A couple of weeks ago, furrylittlegnome made the trek to “The Big Apple” for culture, holiday decoration displays and for some much needed shopping. Her first stop was to 5th and 82nd. The destination? The Metropolitan Museum of Art.
There were a few exhibits on the agenda but the most impressive (that could be photographed) was this one: The Temple of Dendur.
Housed at The Met since 1978, The Temple of Dendur dates back to 15 BC. Made of sandstone, the front gate and temple were removed from their original site, in the Egyptian town of Aswan on the Nile River, in 1963, as they faced destruction from the construction of a dam. Egypt presented the temple as a gift to the American people, represented by Jacqueline Kennedy, in 1965.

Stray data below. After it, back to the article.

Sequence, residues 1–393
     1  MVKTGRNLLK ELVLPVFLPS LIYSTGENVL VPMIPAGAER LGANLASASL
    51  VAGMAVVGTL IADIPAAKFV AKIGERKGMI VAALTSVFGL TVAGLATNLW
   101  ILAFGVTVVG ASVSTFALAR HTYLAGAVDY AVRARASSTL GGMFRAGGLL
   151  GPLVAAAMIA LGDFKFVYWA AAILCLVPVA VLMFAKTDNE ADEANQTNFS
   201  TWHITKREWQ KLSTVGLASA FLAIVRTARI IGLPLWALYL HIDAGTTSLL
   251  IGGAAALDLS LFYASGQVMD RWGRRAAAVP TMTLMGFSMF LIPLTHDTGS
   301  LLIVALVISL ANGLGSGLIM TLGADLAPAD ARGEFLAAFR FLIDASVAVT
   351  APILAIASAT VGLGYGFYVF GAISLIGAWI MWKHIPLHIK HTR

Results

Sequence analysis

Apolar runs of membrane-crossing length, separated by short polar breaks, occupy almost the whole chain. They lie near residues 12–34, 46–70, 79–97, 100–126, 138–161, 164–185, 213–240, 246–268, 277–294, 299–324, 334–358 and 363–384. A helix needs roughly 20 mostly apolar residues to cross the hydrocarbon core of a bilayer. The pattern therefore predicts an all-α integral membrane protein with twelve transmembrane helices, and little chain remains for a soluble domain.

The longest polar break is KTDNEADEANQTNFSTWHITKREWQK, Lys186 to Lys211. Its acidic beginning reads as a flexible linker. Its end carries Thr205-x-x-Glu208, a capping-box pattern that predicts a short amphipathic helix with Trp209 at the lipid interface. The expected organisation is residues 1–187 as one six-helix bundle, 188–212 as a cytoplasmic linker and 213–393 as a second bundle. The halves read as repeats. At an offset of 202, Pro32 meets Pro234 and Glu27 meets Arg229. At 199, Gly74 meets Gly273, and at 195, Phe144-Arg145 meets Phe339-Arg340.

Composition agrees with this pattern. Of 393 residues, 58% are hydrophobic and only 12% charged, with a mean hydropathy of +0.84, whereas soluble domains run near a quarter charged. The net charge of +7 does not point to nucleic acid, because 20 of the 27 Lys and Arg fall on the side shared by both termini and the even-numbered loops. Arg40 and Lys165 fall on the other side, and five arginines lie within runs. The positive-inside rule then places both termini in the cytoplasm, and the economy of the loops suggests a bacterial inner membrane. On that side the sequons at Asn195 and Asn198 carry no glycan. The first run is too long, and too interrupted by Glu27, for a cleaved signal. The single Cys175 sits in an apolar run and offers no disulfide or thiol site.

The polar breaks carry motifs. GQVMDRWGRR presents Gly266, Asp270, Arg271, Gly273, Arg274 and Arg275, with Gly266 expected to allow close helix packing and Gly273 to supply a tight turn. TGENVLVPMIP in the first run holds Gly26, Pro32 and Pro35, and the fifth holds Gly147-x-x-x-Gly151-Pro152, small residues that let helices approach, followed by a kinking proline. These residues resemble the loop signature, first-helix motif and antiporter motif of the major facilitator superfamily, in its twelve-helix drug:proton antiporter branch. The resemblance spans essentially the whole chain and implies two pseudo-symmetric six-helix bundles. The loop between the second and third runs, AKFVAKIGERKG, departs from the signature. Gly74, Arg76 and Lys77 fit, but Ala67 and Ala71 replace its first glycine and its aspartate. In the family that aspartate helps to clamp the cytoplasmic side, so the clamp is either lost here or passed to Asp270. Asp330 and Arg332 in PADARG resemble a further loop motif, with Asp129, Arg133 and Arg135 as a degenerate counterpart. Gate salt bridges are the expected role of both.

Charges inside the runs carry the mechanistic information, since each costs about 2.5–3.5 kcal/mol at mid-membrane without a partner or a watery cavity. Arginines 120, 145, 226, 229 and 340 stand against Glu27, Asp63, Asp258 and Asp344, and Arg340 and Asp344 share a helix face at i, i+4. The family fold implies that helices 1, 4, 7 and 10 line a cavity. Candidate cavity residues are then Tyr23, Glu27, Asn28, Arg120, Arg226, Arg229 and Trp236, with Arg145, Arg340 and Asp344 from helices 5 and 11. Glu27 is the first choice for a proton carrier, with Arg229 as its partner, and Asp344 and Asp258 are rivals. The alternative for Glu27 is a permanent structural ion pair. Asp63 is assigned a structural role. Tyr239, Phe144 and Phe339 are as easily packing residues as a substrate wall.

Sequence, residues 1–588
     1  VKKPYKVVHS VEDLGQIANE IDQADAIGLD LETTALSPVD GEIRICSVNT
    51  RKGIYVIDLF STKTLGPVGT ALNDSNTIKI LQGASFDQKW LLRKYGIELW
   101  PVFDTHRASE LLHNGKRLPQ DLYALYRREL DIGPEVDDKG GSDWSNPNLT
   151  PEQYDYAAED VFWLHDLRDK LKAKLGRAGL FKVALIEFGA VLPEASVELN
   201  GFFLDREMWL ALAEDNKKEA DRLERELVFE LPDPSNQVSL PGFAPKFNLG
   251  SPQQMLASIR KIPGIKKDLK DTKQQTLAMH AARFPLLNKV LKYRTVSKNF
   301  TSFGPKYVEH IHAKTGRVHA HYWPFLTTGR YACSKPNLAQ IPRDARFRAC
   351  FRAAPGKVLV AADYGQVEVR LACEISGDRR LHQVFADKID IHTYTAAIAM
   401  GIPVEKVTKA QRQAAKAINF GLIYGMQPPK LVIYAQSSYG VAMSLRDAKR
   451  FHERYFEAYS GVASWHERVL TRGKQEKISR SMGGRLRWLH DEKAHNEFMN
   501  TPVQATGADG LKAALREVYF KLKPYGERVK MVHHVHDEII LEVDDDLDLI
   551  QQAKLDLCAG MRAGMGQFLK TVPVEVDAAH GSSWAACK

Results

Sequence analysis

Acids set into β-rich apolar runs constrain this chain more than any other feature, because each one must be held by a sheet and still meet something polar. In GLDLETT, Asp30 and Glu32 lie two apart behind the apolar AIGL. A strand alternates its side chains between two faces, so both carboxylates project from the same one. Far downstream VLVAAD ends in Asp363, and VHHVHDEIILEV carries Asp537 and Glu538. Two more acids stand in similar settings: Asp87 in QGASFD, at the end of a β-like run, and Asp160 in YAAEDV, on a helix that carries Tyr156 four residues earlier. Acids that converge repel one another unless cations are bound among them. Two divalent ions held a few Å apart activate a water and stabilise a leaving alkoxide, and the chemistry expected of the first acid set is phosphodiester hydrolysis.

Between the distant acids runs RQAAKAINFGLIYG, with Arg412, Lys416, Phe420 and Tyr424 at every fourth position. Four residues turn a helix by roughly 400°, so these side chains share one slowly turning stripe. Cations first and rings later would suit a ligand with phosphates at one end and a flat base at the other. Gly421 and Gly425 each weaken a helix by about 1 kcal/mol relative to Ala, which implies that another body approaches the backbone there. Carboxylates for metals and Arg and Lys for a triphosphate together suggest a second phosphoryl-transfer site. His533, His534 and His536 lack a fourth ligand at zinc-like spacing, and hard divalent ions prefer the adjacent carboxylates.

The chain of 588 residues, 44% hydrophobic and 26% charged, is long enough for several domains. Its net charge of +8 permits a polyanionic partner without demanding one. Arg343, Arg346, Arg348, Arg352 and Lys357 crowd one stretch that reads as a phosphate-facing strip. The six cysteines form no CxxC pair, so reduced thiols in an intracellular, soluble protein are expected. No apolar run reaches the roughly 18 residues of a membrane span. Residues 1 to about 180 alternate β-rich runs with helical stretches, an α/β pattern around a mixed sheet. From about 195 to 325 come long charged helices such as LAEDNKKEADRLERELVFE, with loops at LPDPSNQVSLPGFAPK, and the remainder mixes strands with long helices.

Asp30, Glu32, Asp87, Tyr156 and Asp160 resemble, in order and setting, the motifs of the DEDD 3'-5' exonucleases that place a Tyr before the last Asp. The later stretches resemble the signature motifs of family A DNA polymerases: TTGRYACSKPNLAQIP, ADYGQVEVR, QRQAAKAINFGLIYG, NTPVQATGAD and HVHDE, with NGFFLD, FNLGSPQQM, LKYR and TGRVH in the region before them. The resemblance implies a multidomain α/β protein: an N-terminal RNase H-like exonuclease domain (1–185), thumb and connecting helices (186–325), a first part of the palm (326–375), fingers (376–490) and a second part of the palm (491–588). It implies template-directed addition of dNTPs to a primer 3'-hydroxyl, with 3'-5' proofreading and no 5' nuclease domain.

Inside the temple, carvings depict Emperor Augustus – a distant nephew of Julius Caesar – with several gods. More information can be found in an article titled, “Temple of Dendur Opens Front Porch” published in The New York Times in January of 1994: “If its relief carvings have been much studied, scholars have long been interested in a group of other, unplanned decorations in the pronaos: its graffiti. The first, scratched into the soft sandstone, was written in a spidery demotic Egyptian script and dates from 10 B.C., 5 years after the temple was built. Other graffiti include Greek Coptic Christian inscriptions from A.D. 400, when the temple was used as a church, and the chiseled inscriptions of 19th-century travelers who left their names in the building.”